Funerals are never something that someone wants to dive deep into planning; it means a loss, and even if that loss means someone left behind some final years of pain and sickness, it’s still hard for those close to the deceased to handle. If you’re dealing with a death, it can be a difficult time to plan a ceremony especially when you’re experiencing an onset of heavy, intense emotions. However, after some deep breathing and recollecting, planning a funeral can be smooth and in some cases, even healing.


The last thing anyone wants to think about at such a fragile time is monetary issues. However, it’s something that needs to be dealt with, and the first thing that needs to be addressed (after getting the death certificate and having the funeral home hold the body) is coming up with a budget. It’s important to know how much money you’re planning on spending. Talk to a funeral director (who can help with most of the funeral planning), and before you try to take money out of your own pocket, see if the deceased had a life insurance plan. Life insurance is there to help cover costs when unexpected events happen, and funeral costs are often paid for by a payout.

However, if that’s not an option, try pooling money from all the close friends and relatives. Funerals can be costly, but it’s worth it to have a special moment to honour your loved one as well as for friends and family to have a chance to gain some closure. As a last resort, talk to your funeral director about payment plans, and see what instalment options are available.

Working out the Service Details

Decide what kind of service you’d like to have; it helps if you or any other relative knows of any specific requests from the deceased. However, many people don’t talk about death (especially their own), so brainstorm some ideas with close friends and family and see what ideas work the best within your budget. It really helps the grieving process to have more people involved, and the more input that’s given will lead to a more sentimental ceremony.

Cremation is often times a less costly option, and it still allows for an opportunity to have a nice memorial service. A simple graveyard burial is usually on the lower end of the price spectrum as well. If you want a more formal wake with an open casket, then it’s important to talk to your funeral director to help with those arrangements. Also, if your budget allows and you aren’t planning on having a traditionally religious ceremony, then you might want to consider choosing a celebrant. A celebrant will plan out the ceremony exactly as you wish, leaving you time to grieve, mourn, and heal with family and friends.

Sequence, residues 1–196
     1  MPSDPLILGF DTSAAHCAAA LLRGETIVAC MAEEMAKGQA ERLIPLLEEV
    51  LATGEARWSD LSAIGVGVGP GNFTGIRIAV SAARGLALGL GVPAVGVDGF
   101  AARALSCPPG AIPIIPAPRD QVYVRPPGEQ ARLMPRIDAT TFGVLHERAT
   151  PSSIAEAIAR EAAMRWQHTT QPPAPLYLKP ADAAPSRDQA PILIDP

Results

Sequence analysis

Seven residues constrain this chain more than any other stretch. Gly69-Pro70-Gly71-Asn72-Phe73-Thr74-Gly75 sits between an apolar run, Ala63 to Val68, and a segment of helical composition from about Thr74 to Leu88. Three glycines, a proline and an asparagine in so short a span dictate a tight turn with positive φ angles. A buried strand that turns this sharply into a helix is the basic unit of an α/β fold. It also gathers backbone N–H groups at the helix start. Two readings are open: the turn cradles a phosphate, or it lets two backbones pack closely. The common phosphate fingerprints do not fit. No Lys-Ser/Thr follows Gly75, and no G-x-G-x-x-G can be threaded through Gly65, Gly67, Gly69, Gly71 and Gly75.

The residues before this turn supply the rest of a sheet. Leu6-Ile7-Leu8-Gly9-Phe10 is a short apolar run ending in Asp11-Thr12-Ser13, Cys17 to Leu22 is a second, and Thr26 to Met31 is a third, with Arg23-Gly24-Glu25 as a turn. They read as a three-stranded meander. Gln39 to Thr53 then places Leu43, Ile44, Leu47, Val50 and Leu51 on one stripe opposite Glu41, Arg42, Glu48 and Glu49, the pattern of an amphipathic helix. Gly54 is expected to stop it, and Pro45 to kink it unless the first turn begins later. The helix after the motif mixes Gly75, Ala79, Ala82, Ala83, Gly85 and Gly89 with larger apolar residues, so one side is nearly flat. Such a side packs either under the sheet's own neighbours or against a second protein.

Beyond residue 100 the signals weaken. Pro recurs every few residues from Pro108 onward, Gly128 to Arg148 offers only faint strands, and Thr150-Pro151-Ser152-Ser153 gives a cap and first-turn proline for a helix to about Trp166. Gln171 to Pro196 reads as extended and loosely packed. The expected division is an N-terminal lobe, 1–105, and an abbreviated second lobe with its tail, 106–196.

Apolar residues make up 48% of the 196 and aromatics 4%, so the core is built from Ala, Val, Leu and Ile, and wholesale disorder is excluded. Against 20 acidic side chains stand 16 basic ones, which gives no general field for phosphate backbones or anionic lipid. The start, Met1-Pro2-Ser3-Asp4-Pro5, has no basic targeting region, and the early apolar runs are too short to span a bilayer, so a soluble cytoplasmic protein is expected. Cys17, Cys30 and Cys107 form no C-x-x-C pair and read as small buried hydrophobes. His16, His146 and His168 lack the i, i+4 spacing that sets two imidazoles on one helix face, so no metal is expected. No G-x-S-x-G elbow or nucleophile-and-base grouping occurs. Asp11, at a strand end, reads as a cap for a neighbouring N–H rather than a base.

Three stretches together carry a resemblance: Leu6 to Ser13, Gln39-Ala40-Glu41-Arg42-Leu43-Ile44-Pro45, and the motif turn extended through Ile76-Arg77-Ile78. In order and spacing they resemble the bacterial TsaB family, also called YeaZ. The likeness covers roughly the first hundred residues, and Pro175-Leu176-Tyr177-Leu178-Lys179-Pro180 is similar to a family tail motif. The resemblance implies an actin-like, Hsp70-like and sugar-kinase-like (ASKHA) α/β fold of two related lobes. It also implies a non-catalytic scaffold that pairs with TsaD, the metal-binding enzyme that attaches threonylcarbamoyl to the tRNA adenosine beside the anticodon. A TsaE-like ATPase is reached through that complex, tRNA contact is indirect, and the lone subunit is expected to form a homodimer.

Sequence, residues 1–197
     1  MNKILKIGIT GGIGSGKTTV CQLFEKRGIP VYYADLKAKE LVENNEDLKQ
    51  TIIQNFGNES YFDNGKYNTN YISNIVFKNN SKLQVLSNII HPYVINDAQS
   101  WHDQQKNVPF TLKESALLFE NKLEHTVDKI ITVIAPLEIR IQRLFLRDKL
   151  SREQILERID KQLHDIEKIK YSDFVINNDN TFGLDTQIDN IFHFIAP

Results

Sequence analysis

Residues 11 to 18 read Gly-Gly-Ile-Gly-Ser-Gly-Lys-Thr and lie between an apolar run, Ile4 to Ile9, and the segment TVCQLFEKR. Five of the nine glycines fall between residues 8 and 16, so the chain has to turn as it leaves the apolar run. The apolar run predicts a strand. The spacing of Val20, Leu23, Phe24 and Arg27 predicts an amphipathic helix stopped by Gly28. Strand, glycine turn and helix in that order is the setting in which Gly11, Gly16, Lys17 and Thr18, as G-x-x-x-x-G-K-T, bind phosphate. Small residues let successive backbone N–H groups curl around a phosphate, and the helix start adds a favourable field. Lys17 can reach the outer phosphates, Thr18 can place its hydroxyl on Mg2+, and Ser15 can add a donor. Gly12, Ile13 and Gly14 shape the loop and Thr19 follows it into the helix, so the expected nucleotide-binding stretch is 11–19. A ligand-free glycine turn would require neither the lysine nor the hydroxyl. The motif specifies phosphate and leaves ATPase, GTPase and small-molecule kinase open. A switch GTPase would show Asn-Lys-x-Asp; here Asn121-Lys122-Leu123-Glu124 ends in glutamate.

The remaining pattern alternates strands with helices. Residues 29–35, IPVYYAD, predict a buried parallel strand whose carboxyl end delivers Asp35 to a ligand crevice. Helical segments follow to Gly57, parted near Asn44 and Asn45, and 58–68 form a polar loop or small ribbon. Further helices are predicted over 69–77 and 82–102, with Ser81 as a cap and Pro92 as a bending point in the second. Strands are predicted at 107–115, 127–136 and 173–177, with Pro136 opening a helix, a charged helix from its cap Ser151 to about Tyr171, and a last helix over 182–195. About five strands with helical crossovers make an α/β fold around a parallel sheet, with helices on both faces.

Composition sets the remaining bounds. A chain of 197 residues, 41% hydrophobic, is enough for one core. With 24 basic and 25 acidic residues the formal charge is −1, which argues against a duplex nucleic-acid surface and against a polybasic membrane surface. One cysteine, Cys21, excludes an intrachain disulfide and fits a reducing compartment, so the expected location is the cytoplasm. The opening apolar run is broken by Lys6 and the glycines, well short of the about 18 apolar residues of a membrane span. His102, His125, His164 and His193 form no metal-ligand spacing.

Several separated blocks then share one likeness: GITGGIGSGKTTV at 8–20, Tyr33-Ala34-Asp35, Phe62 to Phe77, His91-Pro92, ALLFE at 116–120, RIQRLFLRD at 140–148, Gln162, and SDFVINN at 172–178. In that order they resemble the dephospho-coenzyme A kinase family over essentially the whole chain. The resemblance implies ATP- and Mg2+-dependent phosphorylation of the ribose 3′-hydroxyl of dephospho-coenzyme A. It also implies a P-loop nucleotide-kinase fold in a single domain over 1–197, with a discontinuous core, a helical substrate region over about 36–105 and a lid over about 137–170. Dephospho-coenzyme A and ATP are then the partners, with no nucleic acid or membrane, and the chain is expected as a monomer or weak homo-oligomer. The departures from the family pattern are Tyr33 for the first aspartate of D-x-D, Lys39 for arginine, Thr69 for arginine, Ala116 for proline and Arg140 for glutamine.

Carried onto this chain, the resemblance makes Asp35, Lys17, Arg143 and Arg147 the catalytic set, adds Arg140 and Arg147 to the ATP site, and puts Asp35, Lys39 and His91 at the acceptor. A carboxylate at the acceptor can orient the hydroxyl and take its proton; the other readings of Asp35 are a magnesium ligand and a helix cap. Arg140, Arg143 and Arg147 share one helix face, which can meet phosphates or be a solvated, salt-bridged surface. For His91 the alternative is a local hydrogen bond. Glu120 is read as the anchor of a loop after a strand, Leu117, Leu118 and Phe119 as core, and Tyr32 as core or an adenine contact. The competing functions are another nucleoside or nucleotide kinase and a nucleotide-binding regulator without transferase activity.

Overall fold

Planning the Ceremony

After the technical details and arrangements are out of the way, it’s time think about what the actual memorial service will consist of. This is the most important part as it’s a way of bringing closure to all those mourning the deceased. However, it can also be the hardest thing to plan. Arranging locations and working out finances allows your mind to slightly drift from the direct reason you’re planning the ceremony in the first place. Actually arranging the details of the ceremony and trying to pick what special moments to share can bring about the same pain that was felt in the beginning. It’s a good time to commiserate with friends and family and come up with a service that will honour your loved one in a personal way.

Decide on a theme. If you’re loved one was a musician, poet, philanthropist, or a teacher, cater to whatever they loved the most in life. After all, a funeral is a celebration of the life that person lived, and it’s important to recognise the accomplishments they made as well as what personally inspired him/her.

Consider serving the favourite food of the deceased. Sharing food is a big part of any family gathering, and it would really help close in on the last service you’re going to spend dedicated to this person.

Make sure whoever writes/shares the eulogy incorporates a well-rounded picture of your loved one, and share stories that the deceased would want to remember afterwards; successful, romantic, and funny times are a great way to end the ceremony, and it allows everyone to learn something new or even gain new insight on who the deceased was. Avoid sharing anything that might stir up unsettling emotions, and always have tissues handy. Sharing moments that made you laugh can help bring a light-hearted moment to an otherwise sombre occasion.

A Time to Reflect

Losing a loved one is a hard moment to embrace, and planning a funeral is never a preferable experience. However, it’s a good opportunity to find closure, come together with friends and family, and give your loved one a memorable and precious goodbye. After working out the initial details, a loving service can leave those closest to the deceased with a renewed sense of peace.